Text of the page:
Tim Leeds Havre Daily News firstname.lastname@example.org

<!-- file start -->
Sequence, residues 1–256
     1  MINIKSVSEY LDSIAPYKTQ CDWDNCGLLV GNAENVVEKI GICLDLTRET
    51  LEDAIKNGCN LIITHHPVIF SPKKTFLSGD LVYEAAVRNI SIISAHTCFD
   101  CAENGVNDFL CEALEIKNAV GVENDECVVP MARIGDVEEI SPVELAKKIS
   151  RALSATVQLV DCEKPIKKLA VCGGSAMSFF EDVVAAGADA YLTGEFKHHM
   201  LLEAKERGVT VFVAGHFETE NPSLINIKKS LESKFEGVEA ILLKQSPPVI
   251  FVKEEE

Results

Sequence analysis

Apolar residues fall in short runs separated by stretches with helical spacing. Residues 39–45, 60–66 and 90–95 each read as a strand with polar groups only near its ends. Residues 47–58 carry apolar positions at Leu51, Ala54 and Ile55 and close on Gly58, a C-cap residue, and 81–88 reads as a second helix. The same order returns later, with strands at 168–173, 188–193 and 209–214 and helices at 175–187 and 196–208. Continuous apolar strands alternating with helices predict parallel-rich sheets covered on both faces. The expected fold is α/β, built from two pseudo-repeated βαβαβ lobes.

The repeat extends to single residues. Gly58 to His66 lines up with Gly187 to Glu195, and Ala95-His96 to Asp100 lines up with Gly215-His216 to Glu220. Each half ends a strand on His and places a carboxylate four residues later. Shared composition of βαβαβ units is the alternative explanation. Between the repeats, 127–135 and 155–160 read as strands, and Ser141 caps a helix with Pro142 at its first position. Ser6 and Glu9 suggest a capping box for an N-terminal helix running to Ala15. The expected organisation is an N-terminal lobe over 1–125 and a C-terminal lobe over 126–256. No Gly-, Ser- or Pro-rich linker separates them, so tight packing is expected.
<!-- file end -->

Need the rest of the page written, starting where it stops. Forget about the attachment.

Recycle Hi-Line board members met with the Hill County Commission Monday to discuss funding for a project it has been working on for months: creating a recycling center to serve a tricounty area. Board chair Candi Zion and vice chair Tom Tucker spent about an hour-and-ahalf discussing the idea with the commission, planning an application for government grants to pay for the creation of a recycling center. The center possibly would be housed at the current landfill run by the Unified Disposal Board or at its new landfill being planned east of Havre. The planning is being pushed through for a grant announced by the state Department of Environmental Quality Dec. 11, which has an application deadline Feb. 1. The grant funding is through the Energy Efficiency and Conservation Block Grant, a program of the American Reinvestment and Recovery Act administered by DEQ in Montana. The program primarily is designed to provide funding for projects to increase energy efficiency, while creating or sustaining jobs in the process. According to the DEQ Web site, the department is accepting applications for grants totaling up to $8.1 million. The tentative plan discussed Monday is to set collection points in communities in the area served by the Unified Disposal Board in Blaine, Hill and northern Chouteau counties. The material collected would then be transported to the center, where it would be compacted and baled. It then would be stored at the center until enough is accumulated To be shipped off. Tucker and Zion said the initial items recycled would be paper and cardboard, although other items like plastic could be added later. As the lead agency in the application, Hill County would be eligible for up to $200,000 for the proposal. Other entities involved in the Unified Disposal Board, including Havre, Blaine County and Big Sandy, also would be eligible for grants to fund the project. The maximum amount for a group project such as the proposed recycling center is $500,000. Commissioner Mike Anderson said that all of those entities also would be eligible to apply for grants for other projects. Kathy Bessette said she had contacted a Representative of the Havre government to get it involved in the project, and was contacting representatives of Blaine and Chouteau counties. The group also is contacting other communities in the Unified Disposal Board district about the project. Zion and Tucker, who also met with the commission along with Recycle Hi-Line board member Bob Doney last week, worked out a plan of action with the commissioners Monday. The group is detailing what will need to be presented to DEQ in its application, to forward to Bear Paw Development Corp. Bear Paw will help local governments apply for grants, During Monday’s meeting, the group discussed finding more information about what can and cannot be funded through the grant. Anderson said the ideal project would be to build a new building at the new landfill, located about three miles east of Havre. However, that may not be allowed under the program's guidelines, he said. Other possibilities include moving an existing building to the new landfill, or using the building at the current landfill. The group also discussed the possibility of leasing the old IGA building at 15 West 1st St. to use as the recycling center, possibly in conjunction with other uses. Tucker said he has most of the information about prices of equipment, such as compacters and balers as well as buildings that could be built or moved to the site, to submit with the application. “The numbers are the budget,” he said. “It gives us something to put on the line items.” The items to be purchased include the collection bins, which would be located in Havre, Chinook, Harlem, Big Sandy and probably one of the Hill County towns west of Havre. The group is researching having those bins manufactured locally. The plan is to collect the recycled material, then join with other recycling entities like the Havre Day Activity Center, Pacific Recycling and Valley Recycling in Kalispell to ship the material off for sale. Having more material to ship will increase the sale value. “The more tonnage, the better price,” Tucker said, although all at the meeting agreed that the recycling project would not make a profit. It would provide benefits, Tucker said. One will be reducing the amount of trash taken to the landfill, increasing the life of the site as well as decreasing the cost of operating it. That would translate to savings for the people served by the site over time, he said. Along with the obvious benefit of reducing the amount of trash and litter the problems with plastic bags blowing through the countryside was brought up at both meetings it also would help people meet their personal goals and lifestyle of recycling and preserving the environment, Anderson said.